3 July 2018
The issuance of “green” covered bonds–backed by assets that are considered to have a positive environmental impact–grew strongly in the first half of 2018. As market activity increases, investors are inquiring more about green covered bonds and the nature and challenges of green finance. In this credit FAQ, we address questions we frequently receive on this topic, including what is driving green covered bond issuance, how our credit analysis could reflect green factors, and how we assess the environmental quality of financings through our Green Evaluation.
|Recent Green Covered Bond Issuance|
|Issuance date||Issuer||Maturity (years)||Size (bil.)|
|November 2017||Deutsche Hypo||6||€0.5|
|June 2017||Berlin Hyp||6||€0.5|
Despite the recent rise in issuance, there is still plenty of scope for growth. The volume of green covered bonds only represents a fraction of the broader covered bonds market. S&P Global Ratings expects that the proportion of green covered bonds could rise significantly as regulators push for greener finance and banks focus increasingly on underwriting the financing of green assets (see “A Look At Banks’ Green Bond Issuance Through The Lens Of Our Green Evaluation Tool,” published March 2, 2018).
In our view, the emergence of green covered bonds highlights the growing prominence of green finance in the traditional area of covered bonds and offers an alternative mechanism for banks to contribute to financing global climate commitments.
The increased interest in green lending in recent years, and the subsequent rise in green funding by banks, reflects three main factors:
How will these driving forces affect the issuance of green covered bonds?
Projects driven by political initiatives, such as the Energy Efficient Mortgages Initiative (EeMAP), all but guarantee increased growth in green covered bonds. EeMAP is a mortgage-financing mechanism that promotes the green tagging of mortgages, incentivizes building owners to improve their building efficiency or acquire new green properties at preferential interest rates, and collects data through a systematic framework.
Identifying the green credentials of existing assets and efforts to expand covered bond funding to new green asset classes will likely reshape the focus of loan underwriting. It will put more emphasis on green attributes and create further requirements for program documentation and public disclosure, while allowing issuers to attract new investors.
In turn, new investors may increase total demand or generate more-stable demand, influencing bond pricing and liquidity in green covered bond series. Given the relatively small number of green covered bonds issued to date, we expect the demand for green covered bonds to continue to outstrip supply in the near term.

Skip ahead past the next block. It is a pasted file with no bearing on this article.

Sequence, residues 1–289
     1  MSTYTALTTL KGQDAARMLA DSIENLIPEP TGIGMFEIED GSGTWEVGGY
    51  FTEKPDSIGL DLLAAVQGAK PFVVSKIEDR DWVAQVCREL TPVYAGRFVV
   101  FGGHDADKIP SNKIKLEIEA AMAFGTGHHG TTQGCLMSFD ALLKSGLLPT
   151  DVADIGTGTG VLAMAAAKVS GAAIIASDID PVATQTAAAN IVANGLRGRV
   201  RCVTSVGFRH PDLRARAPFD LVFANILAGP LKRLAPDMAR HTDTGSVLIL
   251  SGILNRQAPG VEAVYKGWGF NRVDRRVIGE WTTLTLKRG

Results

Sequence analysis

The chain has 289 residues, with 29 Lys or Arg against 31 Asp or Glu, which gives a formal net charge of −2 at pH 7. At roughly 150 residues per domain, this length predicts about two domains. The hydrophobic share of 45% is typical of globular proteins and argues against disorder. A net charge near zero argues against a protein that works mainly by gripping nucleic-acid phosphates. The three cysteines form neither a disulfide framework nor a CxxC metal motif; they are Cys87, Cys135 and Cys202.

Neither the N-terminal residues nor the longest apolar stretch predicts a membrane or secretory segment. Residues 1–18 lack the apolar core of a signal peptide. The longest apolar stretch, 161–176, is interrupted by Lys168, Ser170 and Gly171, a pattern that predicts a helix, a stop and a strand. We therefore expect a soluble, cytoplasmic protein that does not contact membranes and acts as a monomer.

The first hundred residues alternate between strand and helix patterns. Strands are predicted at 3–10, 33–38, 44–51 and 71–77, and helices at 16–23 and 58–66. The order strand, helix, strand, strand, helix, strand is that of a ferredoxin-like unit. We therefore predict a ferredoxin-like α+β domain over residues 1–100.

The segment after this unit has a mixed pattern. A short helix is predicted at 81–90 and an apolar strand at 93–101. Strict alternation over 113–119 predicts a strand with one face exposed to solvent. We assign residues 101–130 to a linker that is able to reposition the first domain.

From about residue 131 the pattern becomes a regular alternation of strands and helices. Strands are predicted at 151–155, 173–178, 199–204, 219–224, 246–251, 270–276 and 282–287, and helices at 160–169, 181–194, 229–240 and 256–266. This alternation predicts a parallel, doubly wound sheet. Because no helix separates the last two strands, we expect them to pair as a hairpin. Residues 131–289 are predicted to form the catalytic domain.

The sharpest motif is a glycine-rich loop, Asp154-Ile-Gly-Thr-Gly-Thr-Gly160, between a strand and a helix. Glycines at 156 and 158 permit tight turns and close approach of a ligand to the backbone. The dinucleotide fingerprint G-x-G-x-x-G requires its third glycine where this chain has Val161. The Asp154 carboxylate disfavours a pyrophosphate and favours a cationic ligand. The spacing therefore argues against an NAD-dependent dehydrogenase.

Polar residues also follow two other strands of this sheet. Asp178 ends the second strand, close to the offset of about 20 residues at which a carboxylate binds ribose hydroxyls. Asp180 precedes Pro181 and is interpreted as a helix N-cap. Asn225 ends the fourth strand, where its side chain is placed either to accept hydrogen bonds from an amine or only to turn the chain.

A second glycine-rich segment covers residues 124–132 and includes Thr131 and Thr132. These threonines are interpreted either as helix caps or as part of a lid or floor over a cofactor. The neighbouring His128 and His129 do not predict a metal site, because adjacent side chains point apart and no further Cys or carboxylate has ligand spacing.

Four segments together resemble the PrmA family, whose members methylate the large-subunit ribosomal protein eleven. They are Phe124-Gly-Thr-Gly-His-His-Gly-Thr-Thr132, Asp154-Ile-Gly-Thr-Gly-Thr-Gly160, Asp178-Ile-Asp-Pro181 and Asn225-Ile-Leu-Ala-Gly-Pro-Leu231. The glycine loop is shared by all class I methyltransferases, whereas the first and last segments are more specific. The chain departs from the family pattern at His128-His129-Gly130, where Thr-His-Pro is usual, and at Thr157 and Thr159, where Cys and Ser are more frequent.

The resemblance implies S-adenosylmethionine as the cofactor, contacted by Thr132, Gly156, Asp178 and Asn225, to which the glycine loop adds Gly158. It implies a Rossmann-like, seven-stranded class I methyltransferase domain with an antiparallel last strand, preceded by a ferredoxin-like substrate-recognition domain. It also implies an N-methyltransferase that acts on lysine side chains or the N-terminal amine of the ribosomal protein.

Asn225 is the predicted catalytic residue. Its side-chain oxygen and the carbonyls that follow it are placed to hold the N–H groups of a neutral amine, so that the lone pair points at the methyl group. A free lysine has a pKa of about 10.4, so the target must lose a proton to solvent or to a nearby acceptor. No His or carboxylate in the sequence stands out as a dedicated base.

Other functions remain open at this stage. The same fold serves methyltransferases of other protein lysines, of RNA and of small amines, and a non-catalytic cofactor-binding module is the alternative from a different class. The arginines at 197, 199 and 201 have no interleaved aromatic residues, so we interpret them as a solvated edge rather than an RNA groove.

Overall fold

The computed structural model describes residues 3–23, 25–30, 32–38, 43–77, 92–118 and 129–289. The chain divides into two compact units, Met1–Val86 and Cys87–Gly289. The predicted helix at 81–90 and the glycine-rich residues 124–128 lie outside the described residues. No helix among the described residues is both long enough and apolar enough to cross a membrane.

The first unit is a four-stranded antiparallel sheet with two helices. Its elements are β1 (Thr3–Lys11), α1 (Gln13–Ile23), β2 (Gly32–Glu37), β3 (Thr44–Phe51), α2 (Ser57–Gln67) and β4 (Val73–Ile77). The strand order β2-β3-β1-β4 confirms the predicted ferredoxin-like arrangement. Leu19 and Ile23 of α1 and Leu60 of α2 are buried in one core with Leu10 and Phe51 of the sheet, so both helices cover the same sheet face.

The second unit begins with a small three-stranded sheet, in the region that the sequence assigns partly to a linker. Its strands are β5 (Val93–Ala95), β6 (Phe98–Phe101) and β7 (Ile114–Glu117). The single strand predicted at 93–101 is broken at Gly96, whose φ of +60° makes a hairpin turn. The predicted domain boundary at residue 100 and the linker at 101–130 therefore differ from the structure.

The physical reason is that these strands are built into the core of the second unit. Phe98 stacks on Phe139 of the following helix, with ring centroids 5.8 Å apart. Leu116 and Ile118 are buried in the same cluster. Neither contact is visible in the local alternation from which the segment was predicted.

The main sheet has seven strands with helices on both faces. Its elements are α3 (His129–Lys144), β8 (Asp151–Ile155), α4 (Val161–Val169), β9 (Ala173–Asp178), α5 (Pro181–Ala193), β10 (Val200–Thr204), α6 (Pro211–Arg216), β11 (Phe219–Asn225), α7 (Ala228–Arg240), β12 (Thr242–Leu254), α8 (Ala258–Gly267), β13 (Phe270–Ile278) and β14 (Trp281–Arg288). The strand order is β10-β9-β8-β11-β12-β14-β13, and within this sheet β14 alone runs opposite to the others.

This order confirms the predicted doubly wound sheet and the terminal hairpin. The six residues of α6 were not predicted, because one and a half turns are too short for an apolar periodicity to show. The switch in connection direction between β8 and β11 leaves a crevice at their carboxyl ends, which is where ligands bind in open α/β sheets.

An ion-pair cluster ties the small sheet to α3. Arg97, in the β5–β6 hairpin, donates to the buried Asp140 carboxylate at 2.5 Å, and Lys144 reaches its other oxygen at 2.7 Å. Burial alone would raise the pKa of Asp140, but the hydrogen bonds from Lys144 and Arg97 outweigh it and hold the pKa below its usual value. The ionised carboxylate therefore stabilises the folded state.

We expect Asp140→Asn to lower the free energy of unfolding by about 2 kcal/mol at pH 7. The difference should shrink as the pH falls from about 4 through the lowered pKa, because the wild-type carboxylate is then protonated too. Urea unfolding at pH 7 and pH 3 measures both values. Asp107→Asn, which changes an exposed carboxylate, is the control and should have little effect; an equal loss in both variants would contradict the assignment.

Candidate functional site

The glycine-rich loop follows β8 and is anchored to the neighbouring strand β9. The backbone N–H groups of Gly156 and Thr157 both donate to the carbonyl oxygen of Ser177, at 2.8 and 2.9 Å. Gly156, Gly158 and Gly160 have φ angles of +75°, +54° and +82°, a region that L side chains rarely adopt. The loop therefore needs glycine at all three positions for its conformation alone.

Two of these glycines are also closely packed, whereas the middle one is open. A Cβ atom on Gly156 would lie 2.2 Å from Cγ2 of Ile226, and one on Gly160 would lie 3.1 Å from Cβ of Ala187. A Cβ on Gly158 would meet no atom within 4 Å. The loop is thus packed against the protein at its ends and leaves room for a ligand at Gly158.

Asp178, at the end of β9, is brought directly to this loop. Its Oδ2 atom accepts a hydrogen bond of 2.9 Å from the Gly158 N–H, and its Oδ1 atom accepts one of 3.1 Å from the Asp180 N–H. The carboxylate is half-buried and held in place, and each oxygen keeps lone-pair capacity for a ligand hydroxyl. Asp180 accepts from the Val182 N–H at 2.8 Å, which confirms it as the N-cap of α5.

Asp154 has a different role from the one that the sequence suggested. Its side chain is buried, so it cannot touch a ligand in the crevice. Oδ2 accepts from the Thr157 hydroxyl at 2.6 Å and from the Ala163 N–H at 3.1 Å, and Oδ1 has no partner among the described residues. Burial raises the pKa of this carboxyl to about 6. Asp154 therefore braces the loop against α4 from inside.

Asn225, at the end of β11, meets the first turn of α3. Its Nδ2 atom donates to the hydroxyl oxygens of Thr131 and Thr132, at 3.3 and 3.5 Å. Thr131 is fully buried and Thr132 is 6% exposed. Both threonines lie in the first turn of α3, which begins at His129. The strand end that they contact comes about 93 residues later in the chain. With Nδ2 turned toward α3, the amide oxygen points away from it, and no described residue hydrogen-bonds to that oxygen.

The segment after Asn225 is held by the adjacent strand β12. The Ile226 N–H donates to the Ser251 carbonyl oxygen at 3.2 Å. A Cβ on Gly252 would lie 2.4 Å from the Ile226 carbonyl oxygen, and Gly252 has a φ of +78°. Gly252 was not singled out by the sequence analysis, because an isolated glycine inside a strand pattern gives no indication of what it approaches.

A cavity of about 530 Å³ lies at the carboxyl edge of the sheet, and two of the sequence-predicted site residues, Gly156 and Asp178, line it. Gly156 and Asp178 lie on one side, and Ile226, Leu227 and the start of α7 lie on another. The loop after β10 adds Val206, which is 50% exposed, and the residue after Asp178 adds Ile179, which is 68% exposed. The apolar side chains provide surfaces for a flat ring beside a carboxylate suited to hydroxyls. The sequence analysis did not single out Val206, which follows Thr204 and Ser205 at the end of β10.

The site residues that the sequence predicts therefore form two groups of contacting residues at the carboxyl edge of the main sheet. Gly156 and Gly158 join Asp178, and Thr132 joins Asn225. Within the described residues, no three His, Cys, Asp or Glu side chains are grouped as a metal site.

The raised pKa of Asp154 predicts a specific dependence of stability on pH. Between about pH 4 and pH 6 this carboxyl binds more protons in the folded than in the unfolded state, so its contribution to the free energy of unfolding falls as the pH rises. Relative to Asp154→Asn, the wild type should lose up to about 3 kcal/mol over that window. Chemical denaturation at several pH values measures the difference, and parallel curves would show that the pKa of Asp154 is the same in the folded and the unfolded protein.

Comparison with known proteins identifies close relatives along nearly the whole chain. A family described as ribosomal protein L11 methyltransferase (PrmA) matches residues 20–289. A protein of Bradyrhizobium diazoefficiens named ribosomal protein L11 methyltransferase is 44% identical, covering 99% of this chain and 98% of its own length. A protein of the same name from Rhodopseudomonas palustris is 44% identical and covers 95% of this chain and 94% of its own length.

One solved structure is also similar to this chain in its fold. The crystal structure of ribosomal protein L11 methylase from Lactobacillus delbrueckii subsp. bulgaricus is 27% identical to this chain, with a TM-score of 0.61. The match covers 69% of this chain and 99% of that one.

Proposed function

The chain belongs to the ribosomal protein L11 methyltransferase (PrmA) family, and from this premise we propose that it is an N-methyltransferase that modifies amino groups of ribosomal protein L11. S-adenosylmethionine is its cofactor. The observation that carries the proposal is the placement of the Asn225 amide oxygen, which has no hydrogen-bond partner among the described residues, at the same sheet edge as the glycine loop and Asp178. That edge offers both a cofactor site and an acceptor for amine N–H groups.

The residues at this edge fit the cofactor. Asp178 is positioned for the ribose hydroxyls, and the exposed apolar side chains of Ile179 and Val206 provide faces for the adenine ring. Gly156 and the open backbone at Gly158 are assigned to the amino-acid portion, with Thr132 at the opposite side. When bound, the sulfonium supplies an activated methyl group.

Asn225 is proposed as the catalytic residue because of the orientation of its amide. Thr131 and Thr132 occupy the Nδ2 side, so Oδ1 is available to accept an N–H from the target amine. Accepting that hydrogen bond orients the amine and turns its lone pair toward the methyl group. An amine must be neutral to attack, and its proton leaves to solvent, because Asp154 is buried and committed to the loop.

Green cover pools have largely comprised green mortgages. These types of green properties, whether new or refurbished, residential or commercial, offer significant potential to improve energy efficiency since the building sector accounts for over 30% of all global energy-related CO2 emissions (Source: UN Environment, “Global Status Report 2017”).
However, the concept of a green asset extends beyond green mortgages. While there is no common definition of what constitutes a green asset, projects involving assets for generating renewable energy (solar, wind, hydro, landfill gas, geothermal, and biomass), sustainable transport methods (rail infrastructure and electric vehicles), buildings with green certifications, and water conservation equipment are generally considered green. Other assets such as efficiency improvements to fossil fuel-based power plants and nuclear plants in some cases qualify as green, but this categorization is sometimes disputed.
The prime focus for green cover pools has been on green mortgages. It is hard to say what proportion of traditional covered bond mortgage assets are green, as issuers have previously had difficulty identifying the green loans they have already underwritten–both commercial and residential. The current set of green covered bonds use different eligibility criteria for green buildings, which range from financing or refinancing new energy-efficient buildings to refurbishing existing commercial or residential properties.